#### Interaction prediction

we take as inputs two surface patches, one from each protein involved in a complex, and predict if these locations are likely to come into close contact in the protein complex. This task is key to prediction tasks like protein docking, i.e. predicting the orientation of two proteins in a complex.

### Dataset

The dataset comprises protein complexes gathered from the Protein Data Bank (PDB) [7]. We use the training / testing split of [20], which is based on sequence and structural similarity and was assembled to minimize the similarity between structures of the interfaces in the training and testing set. For site identification, the training and test sets include 2958 and 356 proteins, respectively; 10% of the training set is reserved for validation. For interaction prediction, the training and test sets include 4614 and 912 protein complexes, respectively, with 10% of the training set used for validation.

The average number of points used to represent a protein surface is N = 11549 ± 1853 for our generated point clouds, compared to 6321 ± 1028 points for MaSIF.^{2} Proteins are randomly rotated and centered to ensure that methods which rely on atomic point coordinates do not overfit on their spatial locations.

### Baselines

Our main baselines are the MaSIF-site and MaSIF-search models [20]. For the MaSIF baselines, we use the pre-trained models and precomputed surface meshes and input features provided by the authors. Additionally, in order to show the benefits of our convolutional layer, we benchmark it against PointNet++ [34] and Dynamic Graph CNN (DGCNN) [43], two popular state-of-the-art convolutional layers for point clouds.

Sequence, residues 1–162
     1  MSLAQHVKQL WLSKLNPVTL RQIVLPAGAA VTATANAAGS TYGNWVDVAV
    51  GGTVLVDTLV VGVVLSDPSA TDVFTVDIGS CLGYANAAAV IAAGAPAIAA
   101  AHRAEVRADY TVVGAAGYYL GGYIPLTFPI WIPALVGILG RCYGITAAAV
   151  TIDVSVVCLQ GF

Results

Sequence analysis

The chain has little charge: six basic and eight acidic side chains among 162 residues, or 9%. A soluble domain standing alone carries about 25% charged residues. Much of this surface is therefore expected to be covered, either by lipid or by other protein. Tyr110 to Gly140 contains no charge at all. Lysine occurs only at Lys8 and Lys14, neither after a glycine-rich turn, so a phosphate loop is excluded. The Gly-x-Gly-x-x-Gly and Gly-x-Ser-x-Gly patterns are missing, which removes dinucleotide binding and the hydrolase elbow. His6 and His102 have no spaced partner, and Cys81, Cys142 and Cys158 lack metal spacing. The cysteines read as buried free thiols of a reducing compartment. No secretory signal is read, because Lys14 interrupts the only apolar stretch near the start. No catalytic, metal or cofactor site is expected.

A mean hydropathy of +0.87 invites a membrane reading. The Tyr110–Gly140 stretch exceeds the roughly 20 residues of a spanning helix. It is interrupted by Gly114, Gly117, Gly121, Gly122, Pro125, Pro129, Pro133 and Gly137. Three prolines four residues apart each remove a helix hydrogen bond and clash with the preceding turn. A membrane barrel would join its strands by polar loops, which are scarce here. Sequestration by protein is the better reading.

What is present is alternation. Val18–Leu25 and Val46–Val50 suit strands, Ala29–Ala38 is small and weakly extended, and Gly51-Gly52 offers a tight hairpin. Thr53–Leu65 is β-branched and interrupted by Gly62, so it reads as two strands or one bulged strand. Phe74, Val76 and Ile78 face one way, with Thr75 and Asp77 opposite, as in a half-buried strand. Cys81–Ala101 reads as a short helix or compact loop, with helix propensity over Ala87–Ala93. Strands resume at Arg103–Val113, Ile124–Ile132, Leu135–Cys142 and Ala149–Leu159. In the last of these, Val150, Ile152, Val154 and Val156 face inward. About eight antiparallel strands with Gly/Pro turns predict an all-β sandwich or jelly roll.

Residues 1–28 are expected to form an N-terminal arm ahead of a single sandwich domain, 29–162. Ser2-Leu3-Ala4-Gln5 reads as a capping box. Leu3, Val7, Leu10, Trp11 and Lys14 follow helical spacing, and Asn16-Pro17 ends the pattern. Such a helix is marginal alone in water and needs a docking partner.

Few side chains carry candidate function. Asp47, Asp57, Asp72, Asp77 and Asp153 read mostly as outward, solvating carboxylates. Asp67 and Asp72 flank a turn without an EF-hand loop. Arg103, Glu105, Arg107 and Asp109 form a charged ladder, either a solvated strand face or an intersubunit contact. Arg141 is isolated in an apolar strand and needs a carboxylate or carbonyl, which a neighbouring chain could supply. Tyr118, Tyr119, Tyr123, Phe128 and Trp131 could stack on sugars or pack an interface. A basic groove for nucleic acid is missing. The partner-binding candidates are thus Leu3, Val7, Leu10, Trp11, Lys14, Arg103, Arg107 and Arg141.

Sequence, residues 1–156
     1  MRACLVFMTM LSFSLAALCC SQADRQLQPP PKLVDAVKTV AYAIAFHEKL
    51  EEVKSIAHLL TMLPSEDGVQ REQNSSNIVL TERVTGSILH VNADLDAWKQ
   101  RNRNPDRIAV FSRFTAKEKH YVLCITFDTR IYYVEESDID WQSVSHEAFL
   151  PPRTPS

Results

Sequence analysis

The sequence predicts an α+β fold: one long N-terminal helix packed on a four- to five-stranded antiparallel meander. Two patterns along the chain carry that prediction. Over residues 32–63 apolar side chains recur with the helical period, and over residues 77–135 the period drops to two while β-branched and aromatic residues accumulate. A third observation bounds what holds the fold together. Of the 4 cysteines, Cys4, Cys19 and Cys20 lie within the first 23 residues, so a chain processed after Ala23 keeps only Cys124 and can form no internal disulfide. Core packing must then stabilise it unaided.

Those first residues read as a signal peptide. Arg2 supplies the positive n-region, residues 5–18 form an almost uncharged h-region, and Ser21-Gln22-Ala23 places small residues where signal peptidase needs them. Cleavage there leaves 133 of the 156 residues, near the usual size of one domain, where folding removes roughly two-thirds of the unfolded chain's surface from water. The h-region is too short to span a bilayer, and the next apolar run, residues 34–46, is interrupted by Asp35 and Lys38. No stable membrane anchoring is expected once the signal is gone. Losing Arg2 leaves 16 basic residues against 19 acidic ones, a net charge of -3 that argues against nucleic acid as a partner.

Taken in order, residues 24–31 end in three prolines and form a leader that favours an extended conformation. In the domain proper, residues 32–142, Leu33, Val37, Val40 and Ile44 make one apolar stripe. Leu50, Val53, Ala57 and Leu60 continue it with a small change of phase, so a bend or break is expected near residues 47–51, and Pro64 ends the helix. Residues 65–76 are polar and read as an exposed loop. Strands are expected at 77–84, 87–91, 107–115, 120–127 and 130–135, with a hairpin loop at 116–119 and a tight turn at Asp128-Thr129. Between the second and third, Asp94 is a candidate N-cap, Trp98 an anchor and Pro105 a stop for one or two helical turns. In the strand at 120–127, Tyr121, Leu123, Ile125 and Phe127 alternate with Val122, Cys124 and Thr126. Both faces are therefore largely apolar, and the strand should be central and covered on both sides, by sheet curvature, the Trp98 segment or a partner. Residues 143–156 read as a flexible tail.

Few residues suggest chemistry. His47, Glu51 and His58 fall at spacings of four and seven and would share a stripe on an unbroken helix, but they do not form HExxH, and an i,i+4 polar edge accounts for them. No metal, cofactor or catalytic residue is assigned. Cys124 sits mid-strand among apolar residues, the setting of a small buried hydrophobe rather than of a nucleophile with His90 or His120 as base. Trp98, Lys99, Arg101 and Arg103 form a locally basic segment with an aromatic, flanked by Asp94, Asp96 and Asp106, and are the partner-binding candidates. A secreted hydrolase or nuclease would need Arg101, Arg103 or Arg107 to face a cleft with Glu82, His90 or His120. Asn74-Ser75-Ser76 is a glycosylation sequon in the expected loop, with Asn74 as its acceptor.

### Implementation

We implement our architectures with PyTorch [30] and use KeOps [19] for fast geometric computations. For data processing and batching, we use Py-

Torch Geometric [18]. For the PointNet++ and DGCNN baselines, we use PyTorch Geometric implementations – but rely on KeOps symbolic matrices to accelerate the construction of kNN graphs and thus guarantee a fair comparison. For the MaSIF baselines, we use the reference implementation of [20].^{3} All models are trained on either a single NVIDIA GeForce RTX 2080 Ti GPU or a single Tesla V100. Run times and memory consumption are measured on a single Tesla V100.

### 4.1. Surface and input feature generation

#### Precomputation

A key drawback of MaSIF is its reliance on the heavy precomputation of surface meshes and input features. These computations take a significant amount of time and generate large files that must be stored on disk. For reference, the pre-processed files used to train the MaSIF networks weigh more than 1TB. In sharp contrast, our method does not rely on any such pre-computation. Table 1 compares corresponding run times for both pipelines: our method is three orders of magnitude faster than MaSIF for these geometric computations.

#### Scalability

Our surface generation algorithm scales beneficially with an increasing batch size. In Figure 6, we show that the running time and memory requirement per protein of our method both decrease significantly when processing dozens of proteins at time the batch size. This is a consequence of the increased usage of the GPU cores and the smaller influence of fixed PyTorch and KeOps overheads.